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Thursday, December 13, 2007

Miami, Dade leaders reveal multibillion-dollar downtown plan

By LARRY LEBOWITZ AND MICHAEL VASQUEZ
Miami city and county leaders have forged a multibillion-dollar public-works bonanza that could alter the face of the downtown core -- affecting everything from a baseball stadium to a port tunnel to museums.

The plan, coming together with rare speed in the world of governmental red tape, envisions a holiday bounty of projects aimed at garnering support from constituencies ranging from sports fans to arts patrons.

Announced late Wednesday by Miami Mayor Manny Diaz, the deal would cover everything from a $914 million tunnel leading to the Port of Miami to finally transforming fallow Bicentennial Park into a waterfront jewel with new art and science museums.

By also shoring up the shaky finances at the fledgling Carnival Center for the Performing Arts, the plan's framework would free up additional tax monies that could be used to build a $525 million retractable-roof ballpark for the Florida Marlins.

''This is a great opportunity for all of us -- all of us -- to create an incredible legacy for the urban core,'' Diaz said following a long day of negotiating the multi-party pact -- and then selling it to individual commissioners.

While Diaz and others in the city embraced the so-called ''global'' agreement with the county, many questions remain.

One is whether a deal this complex can actually come to fruition. With so many parts forming the larger whole, it's possible that criticism of one piece of the blueprint could derail others.

Secondly, the intricate financing has been crafted in a way to sidestep a potential voter referendum -- which could embolden critics.

COMMISSIONS TO VOTE

Selling it is key, and the first test comes Thursday when Miami commissioners decide whether to move the multilayered plan forward.

County commissioners would then begin their review of key pieces of the ballpark financing and redevelopment plans Dec. 18.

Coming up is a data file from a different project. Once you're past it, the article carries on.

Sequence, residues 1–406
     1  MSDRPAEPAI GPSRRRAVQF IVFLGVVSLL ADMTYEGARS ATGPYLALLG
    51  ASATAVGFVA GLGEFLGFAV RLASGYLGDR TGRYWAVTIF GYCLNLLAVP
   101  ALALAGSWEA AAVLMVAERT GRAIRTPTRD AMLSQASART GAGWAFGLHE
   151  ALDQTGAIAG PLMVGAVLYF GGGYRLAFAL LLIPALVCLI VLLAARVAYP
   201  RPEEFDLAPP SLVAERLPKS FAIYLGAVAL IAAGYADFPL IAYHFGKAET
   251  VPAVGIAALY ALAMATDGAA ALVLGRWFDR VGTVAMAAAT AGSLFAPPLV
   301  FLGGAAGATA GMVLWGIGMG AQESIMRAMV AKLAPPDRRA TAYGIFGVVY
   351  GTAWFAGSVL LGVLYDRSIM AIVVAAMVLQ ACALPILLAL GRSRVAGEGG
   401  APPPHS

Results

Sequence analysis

The framework -- hashed out over several weeks of behind-the-scenes talks with city and county managers -- centers on expanding the Omni Community Redevelopment Agency to include Bicentennial Park and Watson Island.

CRAs are federally mandated special taxing districts that generate extra cash for areas targeted for revitalization. By aiming to expand the key Omni district, Miami leaders envision new infusions of money that would be doled out for multiple big-ticket projects.

The biggest beneficiaries of this new Omni CRA would be the Carnival Center for the Performing Arts and a proposed new ballpark for the Marlins at the soon-to-be-demolished Orange Bowl.

Diaz said the county would essentially receive up to $400 million in CRA revenue over the next 30 years to cover debt service on the arts center.

This will free up somewhere between $160 million and $200 million in tourist taxes from the PAC -- that the county and city could then use for the ballpark in Little Havana.

PARKING GARAGE

Less certain: whether the will, and the money, exist to build a 6,000-space parking garage and one of Diaz's personal projects -- a 25,000-seat soccer stadium also proposed for the 40-acre Orange Bowl site.

By expanding the CRA boundaries over the MacArthur Causeway to Watson Island, the city believes it can also use $50 million in CRA money to pay its share of the $914 million Port of Miami Tunnel over the next 35 years.

Florida transportation officials had vowed to move their $457 million share of the tunnel deal to other parts of the state if the city didn't put up its $50 million piece by Monday.

''I can finally see the light at the end of the tunnel, no pun intended,'' said City Commissioner Joe Sanchez, who represents the Orange Bowl area.

Miami property owners would also benefit from the expanded Omni CRA, city leaders say.

Diaz said the city would pay off its outstanding debt on the troubled Jungle Island construction loans from the expanded CRA instead of general revenues.